Came back early afternoon and the S&P was up 12 pts and is now up 17 pts.

Call it street smarts or beginners luck.After watching the early action it wouldn't take a genius or a rocket scientist to figure it out not to get too greedy,take your profits which are rightfully your money and run,run and run.

Yes,maybe the markets might forget to stop falling and we might have to miss a home run.But even the best baseball players in this planet do not know when or which inning they are going to get a home run.And like I always said,who cares after the fact.Have a wonderful weekend boys and gals.

SmokingGun said…
Cant short the shares as shorties can't borrow them yet. It's a long only market for now. Once shares become available for borrowing, it will tank below 30.
bruno said…
It is high time traders start taking a serious look at the greenback.I meant a very very serious look at the USD,which the so call experts like to call the doom currency.

From a seven month's low it came back kicking,socking the Euro hard on the chin.And the single currency had it's single worst week in a year.The high flying currency called the Aussie got whacked hard too.

Next year will be one of the best years of the greenback in a very very long time.Wait for a pullback early next week to go long against the Euro and Aussie,which will be the hardest hit among the majors.

I will time it around 1780-1790 cash basis to go short the S&P Index and long the greenback.The 1800 big fig will be a brick wall for the S&P.For those who like to hold a stock or commodity forever like a spouse,should really take a serious look at this USD trade.

We,as traders should learn to have a share in enjoying the spoils of the fx markets,courtesy of the central bankers,particulary Big Benny who will be replaced with a yet bigger dove Janet Yellen.

bruno said…
It is high time traders start taking a serious look at the greenback.I meant a very very serious look at the USD,which the so call experts like to call the doom currency.

From a seven month's low it came back kicking,socking the Euro hard on the chin.And the single currency had it's single worst week in a year.The high flying currency called the Aussie got whacked hard too.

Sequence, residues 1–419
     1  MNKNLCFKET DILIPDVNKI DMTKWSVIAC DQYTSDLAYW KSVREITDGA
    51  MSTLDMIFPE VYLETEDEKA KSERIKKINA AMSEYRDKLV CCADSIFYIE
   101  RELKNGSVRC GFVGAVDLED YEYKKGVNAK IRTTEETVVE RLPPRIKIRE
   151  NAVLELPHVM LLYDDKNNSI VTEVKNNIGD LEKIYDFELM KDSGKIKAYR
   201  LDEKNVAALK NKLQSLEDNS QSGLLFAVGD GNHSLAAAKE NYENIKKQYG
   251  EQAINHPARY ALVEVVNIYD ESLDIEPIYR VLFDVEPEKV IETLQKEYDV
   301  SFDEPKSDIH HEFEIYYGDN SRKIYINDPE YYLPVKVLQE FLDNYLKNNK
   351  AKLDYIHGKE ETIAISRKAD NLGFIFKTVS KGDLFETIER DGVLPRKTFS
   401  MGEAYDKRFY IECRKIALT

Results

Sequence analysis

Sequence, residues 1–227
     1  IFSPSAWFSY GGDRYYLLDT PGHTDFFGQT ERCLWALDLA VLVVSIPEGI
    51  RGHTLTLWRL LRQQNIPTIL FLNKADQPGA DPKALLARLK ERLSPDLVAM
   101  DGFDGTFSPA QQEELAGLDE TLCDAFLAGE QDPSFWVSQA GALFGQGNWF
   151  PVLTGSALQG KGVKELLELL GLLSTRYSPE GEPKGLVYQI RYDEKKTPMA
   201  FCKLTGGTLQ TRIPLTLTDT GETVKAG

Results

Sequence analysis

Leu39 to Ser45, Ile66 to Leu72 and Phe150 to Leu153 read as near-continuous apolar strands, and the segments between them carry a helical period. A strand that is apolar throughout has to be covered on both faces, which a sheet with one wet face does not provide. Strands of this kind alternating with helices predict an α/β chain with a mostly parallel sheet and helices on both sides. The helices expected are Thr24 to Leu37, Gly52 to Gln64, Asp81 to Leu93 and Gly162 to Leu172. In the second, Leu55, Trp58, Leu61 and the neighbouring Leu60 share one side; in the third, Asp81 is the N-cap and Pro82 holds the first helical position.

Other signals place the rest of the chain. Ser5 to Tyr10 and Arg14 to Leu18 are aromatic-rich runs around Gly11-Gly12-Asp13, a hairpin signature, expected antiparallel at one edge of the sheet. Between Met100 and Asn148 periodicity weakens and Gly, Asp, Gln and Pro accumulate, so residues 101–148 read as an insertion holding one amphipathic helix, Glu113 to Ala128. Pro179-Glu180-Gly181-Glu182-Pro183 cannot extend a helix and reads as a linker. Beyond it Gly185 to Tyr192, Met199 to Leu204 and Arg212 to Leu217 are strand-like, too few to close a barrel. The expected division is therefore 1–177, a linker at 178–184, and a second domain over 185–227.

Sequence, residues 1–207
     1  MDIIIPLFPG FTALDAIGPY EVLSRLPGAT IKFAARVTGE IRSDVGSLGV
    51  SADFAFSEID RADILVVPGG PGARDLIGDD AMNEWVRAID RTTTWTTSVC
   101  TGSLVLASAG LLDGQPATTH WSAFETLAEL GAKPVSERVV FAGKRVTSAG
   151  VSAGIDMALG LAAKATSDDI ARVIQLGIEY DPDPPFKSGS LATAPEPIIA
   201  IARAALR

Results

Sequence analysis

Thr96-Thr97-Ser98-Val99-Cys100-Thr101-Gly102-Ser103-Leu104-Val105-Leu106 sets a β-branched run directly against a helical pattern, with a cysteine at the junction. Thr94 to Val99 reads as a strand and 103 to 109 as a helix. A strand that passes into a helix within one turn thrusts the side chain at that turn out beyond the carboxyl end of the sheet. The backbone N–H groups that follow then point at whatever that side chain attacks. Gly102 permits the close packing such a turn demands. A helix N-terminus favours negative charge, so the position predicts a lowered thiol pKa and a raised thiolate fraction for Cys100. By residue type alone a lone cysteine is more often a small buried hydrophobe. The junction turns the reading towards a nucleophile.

Next year will be one of the best years of the greenback in a very very long time.Wait for a pullback early next week to go long against the Euro and Aussie,which will be the hardest hit among the majors.

I will time it around 1780-1790 cash basis to go short the S&P Index and long the greenback.The 1800 big fig will be a brick wall for the S&P.For those who like to hold a stock or commodity forever like a spouse,should really take a serious look at this USD trade.

We,as traders should learn to have a share in enjoying the spoils of the fx markets,courtesy of the central bankers,particulary Big Benny who will be replaced with a yet bigger dove Janet Yellen.

bruno said…
The NFP came out better than expected at 200k,80k better than street expectations.Last month's was revised upwards too.So what can the fed's do?To taper or do more QE.

Bernanke knows that he has got the feds and financial markets into such a mess,that months and months ago he was figuring out how to get the heck out.The best single thing that came into his mind was to feed the public that he wasn't interested in another term.And Obama jumped onto the bandwagon as the Republicans was after Benny's hide for being such a big dove.

Now that the employment figures have painted the feds into a corner,replacement Janet Yellen has her work cut out for her.Act like a hawk,just taper.Bit by bit.Little bit at a little time.But i bit or 10 bits,a taper is still a taper.And when the markets finally starts coming down like an avalance,blame it on Yellen,not Big Benny.In politics and now fed lingo,it is called passing the buck.